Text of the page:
Perhaps a paltry gesture... (none / 0) (#5)
    by Lena on Thu Aug 26, 2010 at 04:58:56 AM EST
    but I would love to sign a petition protesting this. Perhaps a letter is more in order though, especially for something this barbaric.

    Pethaps, after a number of years of (none / 0) (#6)
    by Anne on Thu Aug 26, 2010 at 06:55:20 AM EST
    our government arguing under both a Republican and a Democratic president that it has the right to do whatever it wants to whomever it wants in the name of national security and the global war on terror, this kind of degrading and invasive treatment of those held in US jails and prisons as a result of arrest, conviction or pre-trial detention is just the natural extension of that attitude and behavior.

    How did anyone ever expect that this wouldn't happen?

    This will go nowhere fast. (none / 0) (#7)
    by Chuck0 on Thu Aug 26, 2010 at 08:08:30 AM EST
    American could care less what happens to the incarcerated. General belief is they deserve whatever happens to them. Why do you think nothing is done about prison rape? Cops love to threaten perps with being a cell "with Bubba." Everyone thinks it's a big joke. Americans aren't appalled because they just don't care.

    Legalized sexual assault... (none / 0) (#8)
    by kdog on Thu Aug 26, 2010 at 08:51:06 AM EST
    anyway you slice it.

    Maybe with women as the victims it will finally lead to some righteous outrage, shining a light up a man's spread-wide arse hasn't done it...but like Chuck said, in custody and outta mind...sad but true.

    wht's the yield? (none / 0) (#14)
    by diogenes on Thu Aug 26, 2010 at 11:34:36 AM EST
    Perhaps they could do the searches on a random five percent of people; if the yield of contraband is zero, the frequency of the searches could be decreased.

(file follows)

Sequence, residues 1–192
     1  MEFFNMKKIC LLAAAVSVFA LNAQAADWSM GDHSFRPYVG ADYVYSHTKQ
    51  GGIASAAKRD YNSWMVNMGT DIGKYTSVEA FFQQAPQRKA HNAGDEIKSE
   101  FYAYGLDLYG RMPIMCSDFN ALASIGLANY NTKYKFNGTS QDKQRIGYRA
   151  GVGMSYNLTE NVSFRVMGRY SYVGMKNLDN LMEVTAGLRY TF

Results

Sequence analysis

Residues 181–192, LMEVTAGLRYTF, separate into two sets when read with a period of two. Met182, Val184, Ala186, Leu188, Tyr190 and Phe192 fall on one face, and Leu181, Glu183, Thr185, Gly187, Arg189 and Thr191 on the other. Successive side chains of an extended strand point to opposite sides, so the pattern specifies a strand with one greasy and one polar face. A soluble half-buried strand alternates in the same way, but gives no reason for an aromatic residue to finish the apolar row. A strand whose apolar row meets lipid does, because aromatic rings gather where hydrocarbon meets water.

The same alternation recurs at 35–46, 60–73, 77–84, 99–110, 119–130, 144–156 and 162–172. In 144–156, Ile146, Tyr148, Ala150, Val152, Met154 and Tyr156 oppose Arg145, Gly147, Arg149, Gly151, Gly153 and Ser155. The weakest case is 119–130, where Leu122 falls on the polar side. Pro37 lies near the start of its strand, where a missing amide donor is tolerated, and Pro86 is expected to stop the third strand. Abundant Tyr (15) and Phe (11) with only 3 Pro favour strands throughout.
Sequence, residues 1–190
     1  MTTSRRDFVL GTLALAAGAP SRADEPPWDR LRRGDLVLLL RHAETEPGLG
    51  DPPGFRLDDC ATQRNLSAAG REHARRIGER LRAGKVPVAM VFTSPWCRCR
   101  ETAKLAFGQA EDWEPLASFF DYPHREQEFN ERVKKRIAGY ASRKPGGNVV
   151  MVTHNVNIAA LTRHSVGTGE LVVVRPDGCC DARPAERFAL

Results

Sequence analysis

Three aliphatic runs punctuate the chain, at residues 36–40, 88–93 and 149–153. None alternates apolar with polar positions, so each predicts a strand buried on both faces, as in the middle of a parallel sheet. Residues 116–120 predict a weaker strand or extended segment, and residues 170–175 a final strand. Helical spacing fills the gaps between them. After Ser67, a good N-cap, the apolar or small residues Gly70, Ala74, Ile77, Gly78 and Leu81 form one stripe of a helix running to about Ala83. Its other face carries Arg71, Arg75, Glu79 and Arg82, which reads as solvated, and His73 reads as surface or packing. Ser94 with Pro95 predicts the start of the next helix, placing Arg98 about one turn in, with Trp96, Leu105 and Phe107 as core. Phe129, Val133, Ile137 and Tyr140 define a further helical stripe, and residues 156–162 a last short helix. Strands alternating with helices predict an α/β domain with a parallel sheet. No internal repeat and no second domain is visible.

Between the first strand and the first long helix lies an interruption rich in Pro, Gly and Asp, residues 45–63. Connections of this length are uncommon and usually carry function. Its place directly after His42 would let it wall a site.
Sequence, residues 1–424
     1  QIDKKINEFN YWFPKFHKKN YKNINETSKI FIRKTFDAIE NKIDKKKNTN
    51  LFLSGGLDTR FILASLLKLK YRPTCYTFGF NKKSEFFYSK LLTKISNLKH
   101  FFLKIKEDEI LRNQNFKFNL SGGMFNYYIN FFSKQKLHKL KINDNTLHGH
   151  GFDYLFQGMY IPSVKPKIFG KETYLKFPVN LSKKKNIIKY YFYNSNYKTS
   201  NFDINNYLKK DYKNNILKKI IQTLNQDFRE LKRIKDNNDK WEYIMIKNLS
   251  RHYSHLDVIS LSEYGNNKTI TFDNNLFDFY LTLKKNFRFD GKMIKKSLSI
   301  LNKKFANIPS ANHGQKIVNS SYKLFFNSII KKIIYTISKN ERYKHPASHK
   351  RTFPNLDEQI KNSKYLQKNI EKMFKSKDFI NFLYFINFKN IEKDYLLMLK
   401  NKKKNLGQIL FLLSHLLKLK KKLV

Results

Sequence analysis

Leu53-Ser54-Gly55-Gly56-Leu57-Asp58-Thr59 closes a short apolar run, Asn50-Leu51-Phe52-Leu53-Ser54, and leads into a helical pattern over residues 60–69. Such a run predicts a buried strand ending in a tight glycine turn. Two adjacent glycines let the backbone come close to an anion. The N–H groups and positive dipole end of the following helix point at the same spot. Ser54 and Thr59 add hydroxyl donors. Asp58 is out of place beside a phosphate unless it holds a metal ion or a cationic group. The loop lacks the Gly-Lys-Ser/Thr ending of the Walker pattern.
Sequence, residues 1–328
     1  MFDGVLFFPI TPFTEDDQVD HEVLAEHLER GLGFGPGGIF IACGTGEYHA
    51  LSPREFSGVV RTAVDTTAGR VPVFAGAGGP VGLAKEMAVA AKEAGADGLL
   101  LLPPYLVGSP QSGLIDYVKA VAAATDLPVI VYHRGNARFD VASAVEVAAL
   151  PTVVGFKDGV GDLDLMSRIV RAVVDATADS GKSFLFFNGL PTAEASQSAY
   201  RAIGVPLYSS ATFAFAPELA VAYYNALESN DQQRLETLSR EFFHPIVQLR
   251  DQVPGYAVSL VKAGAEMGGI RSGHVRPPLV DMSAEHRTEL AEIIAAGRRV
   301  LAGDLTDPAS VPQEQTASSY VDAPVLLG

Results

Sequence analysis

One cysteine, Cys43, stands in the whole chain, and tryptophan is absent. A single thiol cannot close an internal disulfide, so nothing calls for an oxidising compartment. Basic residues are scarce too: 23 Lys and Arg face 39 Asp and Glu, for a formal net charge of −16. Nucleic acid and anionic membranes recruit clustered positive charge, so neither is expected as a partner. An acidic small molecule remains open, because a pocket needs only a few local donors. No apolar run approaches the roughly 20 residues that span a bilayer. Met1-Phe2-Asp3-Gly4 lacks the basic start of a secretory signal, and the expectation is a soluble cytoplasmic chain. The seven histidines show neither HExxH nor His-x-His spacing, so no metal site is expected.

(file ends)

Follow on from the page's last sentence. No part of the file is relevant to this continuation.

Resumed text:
I'm sure that if women never, ever smuggled contraband that would only be found by these searches that it will come out in trial discovery.
    You can smuggle weapons as well as drugs, for you libertarian types.  

    if the male inmates (none / 0) (#22)
    by anarchohippypunk on Fri Sep 10, 2010 at 12:12:50 AM EST
    who are uncircumcised and had their foreskins searched sent them in to PTSD mindset because of past sexual trauma and abuse, then yes, there's an issue there that needs to be  addressed. this isn't about someone not liking to be searched--it's standard with prisons and the inmates kno that. but introducing this gratuitous procedure does not add to anymore security for the prisons.

    many women are needlessly being submitted to potentially traumatic situations for them and no one is there to help them thru it. they are still suffering. regardless of whether they are prisoners, they are people and need respect and compassion like the rest of us.